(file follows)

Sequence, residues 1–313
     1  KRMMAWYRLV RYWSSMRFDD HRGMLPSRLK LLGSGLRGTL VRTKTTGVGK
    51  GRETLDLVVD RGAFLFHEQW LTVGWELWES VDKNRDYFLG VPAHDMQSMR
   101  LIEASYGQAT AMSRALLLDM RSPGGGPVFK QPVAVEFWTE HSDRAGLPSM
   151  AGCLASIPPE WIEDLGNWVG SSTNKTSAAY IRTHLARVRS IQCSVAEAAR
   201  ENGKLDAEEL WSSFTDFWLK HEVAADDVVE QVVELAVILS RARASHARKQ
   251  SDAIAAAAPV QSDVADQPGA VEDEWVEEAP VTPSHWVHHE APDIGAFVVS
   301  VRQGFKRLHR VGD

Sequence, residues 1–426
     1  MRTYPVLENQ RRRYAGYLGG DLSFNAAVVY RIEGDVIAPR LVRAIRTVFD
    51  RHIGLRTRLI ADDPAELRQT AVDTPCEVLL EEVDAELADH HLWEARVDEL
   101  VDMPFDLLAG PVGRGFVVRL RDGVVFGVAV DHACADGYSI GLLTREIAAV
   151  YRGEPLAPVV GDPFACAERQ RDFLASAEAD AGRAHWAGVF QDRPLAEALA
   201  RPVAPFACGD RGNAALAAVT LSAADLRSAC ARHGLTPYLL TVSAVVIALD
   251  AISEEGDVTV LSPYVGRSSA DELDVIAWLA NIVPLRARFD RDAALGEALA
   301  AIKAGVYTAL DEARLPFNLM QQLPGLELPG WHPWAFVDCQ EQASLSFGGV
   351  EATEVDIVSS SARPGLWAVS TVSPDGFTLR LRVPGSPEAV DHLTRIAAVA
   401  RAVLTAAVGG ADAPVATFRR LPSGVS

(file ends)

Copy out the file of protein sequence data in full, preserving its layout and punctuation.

Sequence, residues 1–313
     1  KRMMAWYRLV RYWSSMRFDD HRGMLPSRLK LLGSGLRGTL VRTKTTGVGK
    51  GRETLDLVVD RGAFLFHEQW LTVGWELWES VDKNRDYFLG VPAHDMQSMR
   101  LIEASYGQAT AMSRALLLDM RSPGGGPVFK QPVAVEFWTE HSDRAGLPSM
   151  AGCLASIPPE WIEDLGNWVG SSTNKTSAAY IRTHLARVRS IQCSVAEAAR
   201  ENGKLDAEEL WSSFTDFWLK HEVAADDVVE QVVELAVILS RARASHARKQ
   251  SDAIAAAAPV QSDVADQPGA VEDEWVEEAP VTPSHWVHHE APDIGAFVVS
   301  VRQGFKRLHR VGD

Sequence, residues 1–426
     1  MRTYPVLENQ RRRYAGYLGG DLSFNAAVVY RIEGDVIAPR LVRAIRTVFD
    51  RHIGLRTRLI ADDPAELRQT AVDTPCEVLL EEVDAELADH HLWEARVDEL
   101  VDMPFDLLAG PVGRGFVVRL RDGVVFGVAV DHACADGYSI GLLTREIAAV
   151  YRGEPLAPVV GDPFACAERQ RDFLASAEAD AGRAHWAGVF QDRPLAEALA
   201  RPVAPFACGD RGNAALAAVT LSAADLRSAC ARHGLTPYLL TVSAVVIALD
   251  AISEEGDVTV LSPYVGRSSA DELDVIAWLA NIVPLRARFD RDAALGEALA
   301  AIKAGVYTAL DEARLPFNLM QQLPGLELPG WHPWAFVDCQ EQASLSFGGV
   351  EATEVDIVSS SARPGLWAVS TVSPDGFTLR LRVPGSPEAV DHLTRIAAVA
   401  RAVLTAAVGG ADAPVATFRR LPSGVS